B. Any certificate issued on a reciprocal basis may be suspended in the same manner and on the same grounds as a Virginia certificate pursuant to the provisions of Chapter 39 (§ 3.2-3900 et seq.) of Title 3.2 of the Code of Virginia. A certificate issued on a reciprocal basis may also be suspended if the nonresident's original certificate or federal certification is suspended or revoked.

NOTICE: The following forms used in administering the regulation were filed by the agency. The forms are not being published; however, online users of this issue of the Virginia Register of Regulations may click on the name of a form with a hyperlink to access it. The forms are also available from the agency contact or may be viewed at the Office of the Registrar of Regulations, General Assembly Building, 2nd Floor, Richmond, Virginia 23219.

[ FORMS (2VAC5-685)

Commercial Pesticide Applicator Certification Application - A, Form VDACS-07211 (rev. 07/12)

Commercial Pesticide Applicator Request for Authorization to Take Pesticide Applicator Examination - B, Form VDACS-07218 (rev. 5/13)

Commercial Pesticide Applicator Certification Application - A, Form VDACS-07211 (rev. 9/2016)

Commercial Pesticide Applicator Request for Authorization to Take Pesticide Applicator Examination - B, Form VDACS-07218 (rev. 9/2016)

Commercial Pesticide Applicator Certification Exam bubble answer sheet, 2003

Private Pesticide Applicator Certification Exam bubble answer sheet, 2003

Private Pesticide Applicator Request for Authorization to Take Pesticide Applicator Examination at Department of Motor Vehicles Customer Service Center (eff. 1/09)

Power of Attorney (rev. 5/09)

Proof of Additional Category Specific Training for Registered Technicians (eff. 3/12)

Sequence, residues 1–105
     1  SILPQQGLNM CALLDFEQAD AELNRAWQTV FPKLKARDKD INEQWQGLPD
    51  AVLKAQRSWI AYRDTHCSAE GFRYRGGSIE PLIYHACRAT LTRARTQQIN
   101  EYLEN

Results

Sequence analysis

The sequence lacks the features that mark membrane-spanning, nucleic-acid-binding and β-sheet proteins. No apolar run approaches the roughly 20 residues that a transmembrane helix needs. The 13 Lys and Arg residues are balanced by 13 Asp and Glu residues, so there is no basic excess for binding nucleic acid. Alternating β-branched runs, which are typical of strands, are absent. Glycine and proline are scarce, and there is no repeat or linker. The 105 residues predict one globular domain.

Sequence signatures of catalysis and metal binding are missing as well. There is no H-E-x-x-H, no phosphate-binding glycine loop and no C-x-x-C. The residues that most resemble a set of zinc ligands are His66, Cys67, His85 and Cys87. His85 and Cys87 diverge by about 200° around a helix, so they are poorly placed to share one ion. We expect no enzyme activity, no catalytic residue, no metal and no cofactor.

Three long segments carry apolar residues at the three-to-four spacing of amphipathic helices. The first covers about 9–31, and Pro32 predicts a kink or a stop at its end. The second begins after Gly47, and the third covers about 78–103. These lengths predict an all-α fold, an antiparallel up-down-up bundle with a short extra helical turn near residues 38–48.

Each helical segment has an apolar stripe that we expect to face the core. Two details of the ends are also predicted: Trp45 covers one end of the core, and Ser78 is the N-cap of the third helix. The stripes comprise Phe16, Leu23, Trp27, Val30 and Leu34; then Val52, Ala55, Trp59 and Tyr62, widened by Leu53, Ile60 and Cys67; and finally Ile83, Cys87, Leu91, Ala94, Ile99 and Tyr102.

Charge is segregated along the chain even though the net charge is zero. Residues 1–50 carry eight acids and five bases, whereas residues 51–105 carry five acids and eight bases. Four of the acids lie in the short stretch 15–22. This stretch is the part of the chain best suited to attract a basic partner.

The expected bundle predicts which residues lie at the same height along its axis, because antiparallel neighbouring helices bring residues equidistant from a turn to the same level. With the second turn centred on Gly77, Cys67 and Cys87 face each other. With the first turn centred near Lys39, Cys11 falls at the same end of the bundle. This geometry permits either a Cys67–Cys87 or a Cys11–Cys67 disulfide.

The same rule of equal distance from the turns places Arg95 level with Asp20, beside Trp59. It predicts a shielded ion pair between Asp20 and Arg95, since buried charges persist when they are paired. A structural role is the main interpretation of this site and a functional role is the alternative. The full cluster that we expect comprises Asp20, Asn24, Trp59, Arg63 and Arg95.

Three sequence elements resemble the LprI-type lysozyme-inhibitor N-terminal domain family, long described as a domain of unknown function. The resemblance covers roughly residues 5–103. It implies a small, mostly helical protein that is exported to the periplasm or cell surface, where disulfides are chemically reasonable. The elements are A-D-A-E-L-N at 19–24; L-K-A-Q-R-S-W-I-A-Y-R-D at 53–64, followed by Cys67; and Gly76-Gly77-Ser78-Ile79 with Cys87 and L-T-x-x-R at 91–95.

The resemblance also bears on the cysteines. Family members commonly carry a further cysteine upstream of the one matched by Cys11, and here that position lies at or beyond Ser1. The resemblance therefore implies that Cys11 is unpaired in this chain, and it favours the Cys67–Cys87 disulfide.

Application for Reciprocal Pesticide Applicator Certificate, Form VDACS-07210 (eff. 5/09)

Pesticide Registered Technician Application Form VDACS-07212 (eff. 1/09)

Power of Attorney (rev. 9/2016)

Proof of Additional Category Specific Training for Registered Technicians (rev. 8/2016)

Application for Reciprocal Pesticide Applicator Certificate, Form VDACS-07210 (rev. 9/2016)

Pesticide Registered Technician Application Form - RT-A, Form VDACS-07212-A (rev. 9/2016)

Pesticide Registered Technician Request for Authorization to Take Pesticide Applicator Examination – RT-B, Form VDACS-07212-B (eff. 9/2016) ]

VA.R. Doc. No. R15-4126; Filed August 1, 2016, 11:57 a.m.
TITLE 6. CRIMINAL JUSTICE AND CORRECTIONS
CRIMINAL JUSTICE SERVICES BOARD
Final Regulation

Title of Regulation: 6VAC20-230. Regulations Relating to Special Conservator of the Peace (amending 6VAC20-230-30, 6VAC20-230-90).

Statutory Authority: § 9.1-150.2 of the Code of Virginia.

Effective Date: September 22, 2016.

Agency Contact: Barbara Peterson-Wilson, Director of Policy and Legislative Affairs, Department of Criminal Justice Services, 1100 Bank Street, Richmond, VA 23219, telephone (804) 225-4503, FAX (804) 786-6344, or email barbara.peterson-wilson@dcjs.virginia.gov.

Summary:

The amendments (i) change the type of insurance under which special conservators of the peace must be covered; (ii) increase the amount of insurance required from $10,000 to $500,000; and (iii) pursuant to Chapters 766 and 772 of the 2015 Acts of Assembly, eliminate language allowing a special conservator of the peace to carry a surety bond instead of insurance.

 

 

Summary of Public Comments and Agency's Response: A summary of comments made by the public and the agency's response may be obtained from the promulgating agency or viewed at the office of the Registrar of Regulations.

6VAC20-230-30. Initial registration application.

A. Individuals are required to be registered pursuant to § 19.2-13 of the Code of Virginia in the category of special conservator of the peace. Prior to the issuance of a registration, the applicant shall meet or exceed the requirements of registration and application submittal to the department as set forth in this section. Individuals who carry or have access to a firearm while on duty must have a valid registration with firearms verification. The court may limit or prohibit the carrying of weapons by any special conservator of the peace as defined in § 19.2-13 F G of the Code of Virginia.

B. Each person applying for registration shall meet the minimum requirements for eligibility as follows:

1. Be a minimum of 18 years of age;